Szabo’s VINTAGES Preview – August 6, 2016
Value in the Southern Hemisphere
by John Szabo, MS
This week I’ve highlighted some especially good southern hemisphere wines from the August 6th VINTAGES release. Australia is the main thematic, but I was so enthused by wines from New Zealand and especially South Africa that I had to include them in this report. The wines of the Cape are particularly attractive these days with the free fall of the South African Rand vis-à-vis international currencies, Canadian dollar included, over the last few years. The top bottles from the Cape’s winelands are ferociously competitive against their strong Euro and USD equivalents in particular. It’s a great time to explore.
Fans of Australian wine in Ontario are also rejoicing this week, thanks to the launch last Friday of the LCBO’s newest “Products of the World” specialty boutique featuring Australia. “The destination store at 65 Wicksteed Avenue in Leaside [Toronto] will offer around 200 Australian wines, which is believed to be the best single-store assortment available outside of Australia”, says LCBO media relations coordinator Christina Bujold.
About 40 of the listings are from LCBO’s Consignment Program, now available to customers by the single bottle, rather than full case lots, for the first time outside of bars and restaurants. Theoretically, customers should be able to order any of these selections for no-charge delivery to their local store, anywhere in Ontario.
And finally, in the spirit of full disclosure, I’m happy to report that the first release from a small vineyard project in Hungary I’ve been involved in since 2003 is hitting shelves on August 6th. J&J Eger is a joint venture with my parter János Stumpf, and the wine, the Eged-Hegy Vineyard Kékfrankos, reflects the old-vine spiciness of this central European variety, the hillside’s limestone, and the region’s cool climate, no more, no less. For obvious reasons, I have not written a full review, but I do hope you’ll check it out!
Next week the WineAlign crü will be back with all of the top picks from the August 6th release.
Buyers’ Guide: Southern Hemisphere Whites
I must doff my cap to the KWV, formally the Koöperatieve Wijnbouwers Vereniging van Suid-Afrika in Afrikaans (or “Co-operative Winemakers’ Society of South Africa”) the former government-supported, nationwide cooperative that for years churned out forgettable plonk. Since evolving into a private corporate structure in 1997, quality has risen substantially, especially in the premium (but still inexpensive) range. For a sample, try the Cathedral Cellar 2010 Blanc De Blanc Brut, Méthode Cap Classique, WO Western Cape, South Africa ($16.95). You’d be hard pressed to find a better traditional method sparkling wine at the price, attractively open and fragrant, mixing lively citrus with fresh brioche on a mid-weight frame, framed by sharp acids.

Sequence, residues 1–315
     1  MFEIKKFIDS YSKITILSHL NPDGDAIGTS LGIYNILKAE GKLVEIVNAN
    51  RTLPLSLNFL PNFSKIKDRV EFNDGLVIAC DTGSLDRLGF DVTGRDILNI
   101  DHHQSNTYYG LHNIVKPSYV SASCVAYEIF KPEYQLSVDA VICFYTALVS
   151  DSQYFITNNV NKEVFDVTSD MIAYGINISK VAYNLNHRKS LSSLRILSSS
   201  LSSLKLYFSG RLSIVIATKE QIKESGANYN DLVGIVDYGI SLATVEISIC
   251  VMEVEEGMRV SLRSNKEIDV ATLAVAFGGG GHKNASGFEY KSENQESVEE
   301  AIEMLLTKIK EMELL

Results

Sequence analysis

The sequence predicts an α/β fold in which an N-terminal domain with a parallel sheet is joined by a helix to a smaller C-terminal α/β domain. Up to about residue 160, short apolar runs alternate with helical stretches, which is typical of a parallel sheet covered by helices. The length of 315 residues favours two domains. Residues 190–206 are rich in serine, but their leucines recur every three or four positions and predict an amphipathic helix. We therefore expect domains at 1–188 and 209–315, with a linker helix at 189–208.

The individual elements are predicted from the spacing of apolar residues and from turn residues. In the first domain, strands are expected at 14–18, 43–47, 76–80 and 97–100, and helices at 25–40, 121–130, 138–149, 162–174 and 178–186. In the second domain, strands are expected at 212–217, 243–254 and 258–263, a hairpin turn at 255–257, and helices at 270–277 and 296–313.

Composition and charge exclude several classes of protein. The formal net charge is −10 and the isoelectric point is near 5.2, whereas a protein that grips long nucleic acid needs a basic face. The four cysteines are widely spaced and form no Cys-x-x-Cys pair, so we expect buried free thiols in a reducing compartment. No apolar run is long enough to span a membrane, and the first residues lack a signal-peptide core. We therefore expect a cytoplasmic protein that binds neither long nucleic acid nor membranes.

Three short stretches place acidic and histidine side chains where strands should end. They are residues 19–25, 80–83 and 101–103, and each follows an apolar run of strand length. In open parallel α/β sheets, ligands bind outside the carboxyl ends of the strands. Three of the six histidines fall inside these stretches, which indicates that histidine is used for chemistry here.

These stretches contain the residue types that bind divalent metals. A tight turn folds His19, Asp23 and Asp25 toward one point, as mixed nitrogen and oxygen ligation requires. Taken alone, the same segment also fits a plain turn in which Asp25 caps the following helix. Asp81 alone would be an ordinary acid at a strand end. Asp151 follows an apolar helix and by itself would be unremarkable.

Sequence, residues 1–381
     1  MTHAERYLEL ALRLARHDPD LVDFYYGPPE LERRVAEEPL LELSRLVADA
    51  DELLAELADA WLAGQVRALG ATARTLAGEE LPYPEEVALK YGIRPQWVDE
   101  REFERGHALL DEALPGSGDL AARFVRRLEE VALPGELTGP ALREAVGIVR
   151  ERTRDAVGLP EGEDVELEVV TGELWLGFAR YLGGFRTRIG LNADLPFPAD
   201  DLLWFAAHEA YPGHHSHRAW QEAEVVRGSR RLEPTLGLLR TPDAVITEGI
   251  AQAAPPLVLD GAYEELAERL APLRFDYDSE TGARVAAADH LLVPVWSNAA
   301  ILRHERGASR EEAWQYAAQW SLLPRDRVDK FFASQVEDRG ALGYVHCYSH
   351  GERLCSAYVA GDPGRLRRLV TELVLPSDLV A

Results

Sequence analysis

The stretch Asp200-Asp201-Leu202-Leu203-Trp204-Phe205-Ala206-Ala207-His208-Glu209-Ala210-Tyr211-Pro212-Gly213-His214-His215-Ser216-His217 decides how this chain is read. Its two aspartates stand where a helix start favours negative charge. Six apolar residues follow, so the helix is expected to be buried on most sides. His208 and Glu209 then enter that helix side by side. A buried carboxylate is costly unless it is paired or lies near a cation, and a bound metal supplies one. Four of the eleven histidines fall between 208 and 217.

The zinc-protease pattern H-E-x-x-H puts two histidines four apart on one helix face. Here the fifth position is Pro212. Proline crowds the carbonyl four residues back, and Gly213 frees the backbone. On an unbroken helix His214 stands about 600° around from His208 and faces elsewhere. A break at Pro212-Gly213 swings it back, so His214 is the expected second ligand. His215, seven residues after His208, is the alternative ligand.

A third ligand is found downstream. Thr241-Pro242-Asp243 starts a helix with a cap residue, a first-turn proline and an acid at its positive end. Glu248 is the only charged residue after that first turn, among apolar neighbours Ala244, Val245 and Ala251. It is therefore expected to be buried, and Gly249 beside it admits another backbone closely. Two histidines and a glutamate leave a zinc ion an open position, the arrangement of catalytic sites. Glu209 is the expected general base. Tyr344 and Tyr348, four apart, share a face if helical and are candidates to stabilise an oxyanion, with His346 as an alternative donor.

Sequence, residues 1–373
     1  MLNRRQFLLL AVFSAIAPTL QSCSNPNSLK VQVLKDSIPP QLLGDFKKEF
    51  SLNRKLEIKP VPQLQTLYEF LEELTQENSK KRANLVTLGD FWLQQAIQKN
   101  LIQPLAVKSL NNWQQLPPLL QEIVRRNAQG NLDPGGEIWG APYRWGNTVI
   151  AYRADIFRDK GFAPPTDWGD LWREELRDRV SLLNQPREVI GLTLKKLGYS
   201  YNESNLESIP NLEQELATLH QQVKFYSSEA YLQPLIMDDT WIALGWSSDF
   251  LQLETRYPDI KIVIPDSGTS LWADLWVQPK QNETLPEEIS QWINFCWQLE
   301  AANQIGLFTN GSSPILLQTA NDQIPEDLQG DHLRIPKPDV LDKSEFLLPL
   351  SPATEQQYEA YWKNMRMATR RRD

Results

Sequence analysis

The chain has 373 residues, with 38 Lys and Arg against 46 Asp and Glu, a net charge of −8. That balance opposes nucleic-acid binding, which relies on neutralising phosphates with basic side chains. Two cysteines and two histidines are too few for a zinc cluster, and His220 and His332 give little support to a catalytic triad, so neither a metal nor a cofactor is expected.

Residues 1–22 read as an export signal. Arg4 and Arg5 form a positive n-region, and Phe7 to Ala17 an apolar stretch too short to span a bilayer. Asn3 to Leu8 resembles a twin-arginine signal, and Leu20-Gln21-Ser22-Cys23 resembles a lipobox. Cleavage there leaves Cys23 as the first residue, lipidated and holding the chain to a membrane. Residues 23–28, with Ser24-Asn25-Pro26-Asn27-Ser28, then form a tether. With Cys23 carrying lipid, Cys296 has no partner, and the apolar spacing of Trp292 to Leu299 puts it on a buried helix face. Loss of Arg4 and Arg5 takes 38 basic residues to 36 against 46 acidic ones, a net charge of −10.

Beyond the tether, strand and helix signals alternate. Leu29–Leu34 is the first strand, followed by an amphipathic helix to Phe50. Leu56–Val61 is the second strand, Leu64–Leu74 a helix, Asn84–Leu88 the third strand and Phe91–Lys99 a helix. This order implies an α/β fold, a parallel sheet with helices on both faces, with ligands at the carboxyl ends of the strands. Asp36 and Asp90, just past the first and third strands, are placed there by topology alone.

I was prompted to double check the price on the Thelema Mountain Vineyards 2012 Sutherland Chardonnay, WO Elgin, South Africa ($15.95), convinced there was a pricing error. Sutherland is Stellenbosch-based Thelema Mountain Vineyards’ cool Elgin property in the southern Cape, and this chardonnay is stunning value. It’s crafted in the smoky, flinty/sulphide-driven style, that’s so very post-modern and popular in sommelier circles. There’s a lot going on here for the money, to say the least, and it easily competes with similar style wines at significantly higher prices.
For a fine example of the balance and finesse achievable in the cool Eden Valley of South Australia, try the Hill-Smith Estate 2014 Chardonnay ($19.95). It’s a very classy, nicely measured, silky-smooth textured chardonnay, with gentle wood toast and spice, and terrific length in the price category. Drink or hold short term.
Buyers’ Guide: Southern Hemisphere Reds
South Africa is also the origin of two excellent reds in this release, albeit in two radically different styles. Drinkers of bold and spicy wines will enjoy the Fairview 2014 Shiraz, WO Coastal Region, South Africa ($17.95), a dark and dense, plush, wood-inflected shiraz with juicy acids and appealing medicinal complexity. It’s an ideal smoky BBQ wine, best 2016-2020.
Fans of contemporary, lighter style reds should opt instead for the Kloof Street 2014 Red, WO Swartland, South Africa ($19.95), the second tier range from the talented duo of Chris and Andrea Mullineux. It too is a shiraz-led blend (86%, with splashes of grenache, carignan, mourvèdre, tinta barocca and cinsault), from the very hip Swartland region and its wealth of old, often abandoned vineyards, now being rediscovered. This beauty is dressed in an attractively smoky-savoury guise, very floral and pot pourri-scented, with a light volatile lift. The palate is well structured with lively, vibrant acids, very food friendly and balanced, with great complexity for the money. Best with a light chill, 2016-2020.
There were three Rhône-style blends from Australia in the release, a growing category, of which my preferred was the Kilikanoon 2013 Killerman’s Run Grenache/Shiraz/Mataro from the Clare Valley, South Australia ($19.95). It has the edge in balance and drinkability, offering vibrant, nicely pitched fresh dark fruit flavours and just the right amount of peppery spice, without sacrificing the generosity one hopes for in Australian reds. Best 2016-2019.
And representing New Zealand is a fine value pinot for fans of the classy, cool climate, old school style from biodynamic producer Seresin. The Momo 2013 Pinot Noir from Marlborough under the estate’s second label is a lovely, light, leafy, dusty, tart red berry-flavoured example, open and honest. I like the gently high-toned floral notes, the fine-grained, dusty-light tannins, and the pleasant, lingering finish. Best 2016-2020.
That’s all for this week. See you over the next bottle.
John Szabo MS
From VINTAGES August 6th, 2016
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